New Canadian Rangers Rifle Civilian Version Arriving in October
28 Aug 2016
The civilian version of the new military rifle for the Canadian Rangers will be in stores from October for about $2,700.
It’s being made by Finland-based Tikka and named “Arctic,” said George Wallace, sales manager for Stoeger Canada, which is distributing the rifles. It won’t have the Canadian Rangers logo on the stock, and the stock will have a different colour than the military version, he said. Both the civilian and military models are based on Tikka’s T3 Compact Tactical Rifle.
Tikka has sold close to 1 million of its T3 bolt-action rifles since sales began in 2003, with shops listing them at $700 to $2,000, depending on the model. When Wolverine Supplies said on CanadianGunNutz.com in April that it would sell the Arctic for $2,695, some people balked at the price, while others were eager to own a Canadian Rangers-inspired T3.
“The first deliveries to retail are likely to be the second week of October,” Wallace said Aug. 26 by e-mail. “These are being produced for us in the month of September.”
The military version for the Rangers, who patrol isolated areas in Canada’s north, is being adapted for use in extreme cold weather, long exposures to salty coastal air and transportation on all-terrain vehicles, small boats, sleds and skidoos, Colt Canada Corp. said last year. The company, a unit of U.S.-based Colt Defense LLC, manufactures guns and advises the government on firearms for the Canadian Armed Forces. It’s making the barrel, bolt and receiver for the new Rangers rifles, known as the C-19.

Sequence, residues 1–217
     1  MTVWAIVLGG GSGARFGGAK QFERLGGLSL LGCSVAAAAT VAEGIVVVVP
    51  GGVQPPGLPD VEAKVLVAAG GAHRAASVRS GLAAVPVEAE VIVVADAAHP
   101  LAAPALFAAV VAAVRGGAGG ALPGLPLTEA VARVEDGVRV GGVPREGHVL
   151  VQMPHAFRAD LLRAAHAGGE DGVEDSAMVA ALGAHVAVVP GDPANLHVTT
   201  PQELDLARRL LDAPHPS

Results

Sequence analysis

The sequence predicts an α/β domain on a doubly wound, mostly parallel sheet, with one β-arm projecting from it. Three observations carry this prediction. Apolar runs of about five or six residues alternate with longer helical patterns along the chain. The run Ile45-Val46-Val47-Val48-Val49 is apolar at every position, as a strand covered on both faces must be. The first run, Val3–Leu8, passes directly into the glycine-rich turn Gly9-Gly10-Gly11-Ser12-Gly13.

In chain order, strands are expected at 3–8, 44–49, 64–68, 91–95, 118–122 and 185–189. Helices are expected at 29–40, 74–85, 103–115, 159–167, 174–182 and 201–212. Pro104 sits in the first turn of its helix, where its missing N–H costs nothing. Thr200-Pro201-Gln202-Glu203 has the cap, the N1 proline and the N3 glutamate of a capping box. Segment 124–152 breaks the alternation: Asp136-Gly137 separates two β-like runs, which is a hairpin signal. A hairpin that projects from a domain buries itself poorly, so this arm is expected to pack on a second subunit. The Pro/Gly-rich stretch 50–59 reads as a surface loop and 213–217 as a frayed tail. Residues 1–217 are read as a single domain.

Canadian Rangers “are often in remote and isolated regions of Canada where they require a hunting rifle for survival and self-defence against large North American carnivores at ranges of 0 metres to 300 metres,” Colt Canada said in last year’s statement.
For almost 70 years, the Rangers have relied on the Lee Enfield No. 4 rifle. It is becoming increasingly difficult to maintain because of the age and scarcity of parts, Colt Canada said at the time.
The Tikka Arctic rifles, like their military counterparts, will be .308 calibre. They’re being made in September, and deliveries to stores in Canada depend on the production schedule, Wallace said. The price could change in case of fluctuations in the currency-exchange rate, he said.
“Our initial 2016 numbers will be limited to production capability at the factory in Finland,” Wallace said in a follow-up e-mail yesterday. “Having said that, this will be part of our Canadian product listing for the foreseeable future.”
Stoeger Canada, based in Oshawa, Ontario, and Tikka are both subsidiaries of Beretta Holding SpA of Italy.
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